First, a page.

Proposed Reforms (Part 1)

With sweeping financial industry reform again on Washington’s agenda what should investors be watching? Last week, the House Financial Services Committee took up debating the major proposals. The big issues to be debated in the coming months include:

Too-big-too-fail institutions – A proposal would create a designation for financial institutions that are systemically important and subject them to special regulation. The outcome of this legislation is likely to have a market impact. At first glance, this designation would give an institution a competitive advantage because it would have what amounts to Government Sponsored Enterprise status with an implied government guarantee. This competitive advantage for Tier 1 institutions to access capital cheaply may result in consolidation of the industry among a few systemically important institutions rather than a larger number of competitors that would pose less individual risk to the financial system – which would be counter to the intention of the legislation. However, the additional cost to these firms in the form of higher capital requirements, contributions to pre-fund a bailout fund, and the threat of a break-up may have negative consequences. Last week, the UK regulators forced Royal Bank of Scotland to sell some business lines to reduce the size of the institution and the stock reacted poorly falling over 10% in a couple of days. Clearly, how this issue is dealt with is very important to the financial services industry. This is the most contentious issue and is unlikely to be resolved before the end of the year resulting in lingering uncertainty for the sector.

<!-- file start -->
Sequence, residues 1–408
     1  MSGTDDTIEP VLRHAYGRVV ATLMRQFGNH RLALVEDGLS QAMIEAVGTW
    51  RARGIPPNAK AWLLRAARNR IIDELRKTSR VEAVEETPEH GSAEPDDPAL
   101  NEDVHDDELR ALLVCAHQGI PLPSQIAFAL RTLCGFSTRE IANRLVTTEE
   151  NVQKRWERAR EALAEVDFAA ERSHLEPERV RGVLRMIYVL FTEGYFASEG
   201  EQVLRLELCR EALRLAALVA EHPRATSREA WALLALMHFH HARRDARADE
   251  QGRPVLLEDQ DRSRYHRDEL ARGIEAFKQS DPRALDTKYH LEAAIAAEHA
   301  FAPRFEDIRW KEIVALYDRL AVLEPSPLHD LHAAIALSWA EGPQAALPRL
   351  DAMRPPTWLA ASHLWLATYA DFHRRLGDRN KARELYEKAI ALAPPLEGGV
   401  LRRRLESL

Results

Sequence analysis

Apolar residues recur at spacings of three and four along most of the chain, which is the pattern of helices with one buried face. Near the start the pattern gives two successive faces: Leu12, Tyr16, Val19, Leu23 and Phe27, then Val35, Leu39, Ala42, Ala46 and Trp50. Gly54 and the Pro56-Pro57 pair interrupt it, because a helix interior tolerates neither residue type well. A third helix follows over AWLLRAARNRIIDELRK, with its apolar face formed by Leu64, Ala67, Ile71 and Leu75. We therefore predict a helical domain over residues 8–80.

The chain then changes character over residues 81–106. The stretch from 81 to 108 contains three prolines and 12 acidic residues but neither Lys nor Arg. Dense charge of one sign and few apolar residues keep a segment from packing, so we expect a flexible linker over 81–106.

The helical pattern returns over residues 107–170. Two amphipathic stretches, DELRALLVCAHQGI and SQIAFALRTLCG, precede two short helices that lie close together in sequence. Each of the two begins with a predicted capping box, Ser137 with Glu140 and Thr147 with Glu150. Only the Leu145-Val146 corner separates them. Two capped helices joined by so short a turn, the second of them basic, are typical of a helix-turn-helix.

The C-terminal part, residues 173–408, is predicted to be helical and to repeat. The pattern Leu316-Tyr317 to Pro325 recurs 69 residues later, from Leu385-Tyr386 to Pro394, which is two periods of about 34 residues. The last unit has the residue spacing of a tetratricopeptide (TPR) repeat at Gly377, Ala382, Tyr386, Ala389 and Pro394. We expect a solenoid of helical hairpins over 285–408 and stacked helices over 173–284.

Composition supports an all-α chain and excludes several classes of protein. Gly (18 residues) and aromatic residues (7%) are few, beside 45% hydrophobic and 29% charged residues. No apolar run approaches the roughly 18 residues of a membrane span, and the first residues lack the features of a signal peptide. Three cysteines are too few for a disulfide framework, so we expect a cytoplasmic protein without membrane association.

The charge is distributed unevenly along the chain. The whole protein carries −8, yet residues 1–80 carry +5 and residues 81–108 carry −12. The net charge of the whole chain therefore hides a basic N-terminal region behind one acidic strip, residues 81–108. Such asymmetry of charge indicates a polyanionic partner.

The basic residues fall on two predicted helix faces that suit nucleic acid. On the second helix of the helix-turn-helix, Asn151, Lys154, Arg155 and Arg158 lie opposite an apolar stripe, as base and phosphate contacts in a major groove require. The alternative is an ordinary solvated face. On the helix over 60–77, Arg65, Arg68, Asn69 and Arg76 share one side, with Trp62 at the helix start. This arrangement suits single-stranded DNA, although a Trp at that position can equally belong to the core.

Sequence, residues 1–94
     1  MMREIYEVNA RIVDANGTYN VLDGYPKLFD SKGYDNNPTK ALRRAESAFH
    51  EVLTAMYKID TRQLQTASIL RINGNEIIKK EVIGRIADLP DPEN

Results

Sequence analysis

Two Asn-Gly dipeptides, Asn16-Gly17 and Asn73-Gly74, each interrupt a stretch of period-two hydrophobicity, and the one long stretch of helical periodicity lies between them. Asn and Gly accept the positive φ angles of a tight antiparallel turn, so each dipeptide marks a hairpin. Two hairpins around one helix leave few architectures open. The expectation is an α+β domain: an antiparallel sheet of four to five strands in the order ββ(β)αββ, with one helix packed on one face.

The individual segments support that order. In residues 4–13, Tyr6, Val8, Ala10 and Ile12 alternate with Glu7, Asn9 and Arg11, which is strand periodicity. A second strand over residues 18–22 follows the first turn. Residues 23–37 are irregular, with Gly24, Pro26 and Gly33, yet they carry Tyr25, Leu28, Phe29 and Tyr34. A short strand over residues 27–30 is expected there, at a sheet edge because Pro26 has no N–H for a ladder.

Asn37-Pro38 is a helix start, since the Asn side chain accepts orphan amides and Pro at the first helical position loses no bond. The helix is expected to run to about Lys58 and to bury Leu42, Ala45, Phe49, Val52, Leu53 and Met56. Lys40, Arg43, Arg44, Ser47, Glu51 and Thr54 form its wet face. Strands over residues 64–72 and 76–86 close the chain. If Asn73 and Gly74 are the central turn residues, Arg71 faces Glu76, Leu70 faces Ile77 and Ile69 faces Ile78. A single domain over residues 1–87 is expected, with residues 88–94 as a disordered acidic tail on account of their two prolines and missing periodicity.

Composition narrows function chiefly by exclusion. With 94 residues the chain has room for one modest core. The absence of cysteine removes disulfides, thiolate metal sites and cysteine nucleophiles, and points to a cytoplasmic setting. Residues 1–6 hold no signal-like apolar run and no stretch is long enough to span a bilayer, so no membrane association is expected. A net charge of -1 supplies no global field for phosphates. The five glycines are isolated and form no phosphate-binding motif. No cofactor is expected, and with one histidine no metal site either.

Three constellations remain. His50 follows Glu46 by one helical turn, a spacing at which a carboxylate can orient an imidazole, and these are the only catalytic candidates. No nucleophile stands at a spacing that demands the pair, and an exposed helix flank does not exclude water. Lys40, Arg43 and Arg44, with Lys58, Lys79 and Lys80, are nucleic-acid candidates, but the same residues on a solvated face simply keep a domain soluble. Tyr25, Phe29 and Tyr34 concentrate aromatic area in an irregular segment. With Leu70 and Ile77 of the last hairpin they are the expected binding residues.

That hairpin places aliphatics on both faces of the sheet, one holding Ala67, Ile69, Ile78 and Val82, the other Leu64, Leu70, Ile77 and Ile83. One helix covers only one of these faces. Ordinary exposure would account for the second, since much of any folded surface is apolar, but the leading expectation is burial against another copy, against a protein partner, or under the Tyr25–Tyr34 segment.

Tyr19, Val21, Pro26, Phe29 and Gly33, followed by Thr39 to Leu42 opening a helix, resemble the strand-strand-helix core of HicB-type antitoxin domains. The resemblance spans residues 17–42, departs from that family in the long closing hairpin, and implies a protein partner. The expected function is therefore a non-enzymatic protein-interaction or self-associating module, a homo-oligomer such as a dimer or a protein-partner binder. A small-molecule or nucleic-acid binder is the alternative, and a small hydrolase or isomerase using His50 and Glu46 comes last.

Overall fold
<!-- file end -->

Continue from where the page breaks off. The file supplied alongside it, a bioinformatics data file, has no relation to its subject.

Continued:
Consumer Financial Protection Agency – The Obama administration has proposed the creation of a new agency intended to protect consumers purchasing financial products. The focus has shifted from regulating the types of products that can be sold, (which would eliminate complex financial products and ensure only plain vanilla products are marketed) to making sure the disclosure is appropriate on products that are more complex. The reach of this agency to regulate what products are sold, how they are marketed, and perhaps even how they are priced is critical to the size and profitability of the financial industry. This could be a positive for the sector if it lessens the risk of default or litigation risk for lenders, but presents challenges if it forces consolidation as the products become commoditized.


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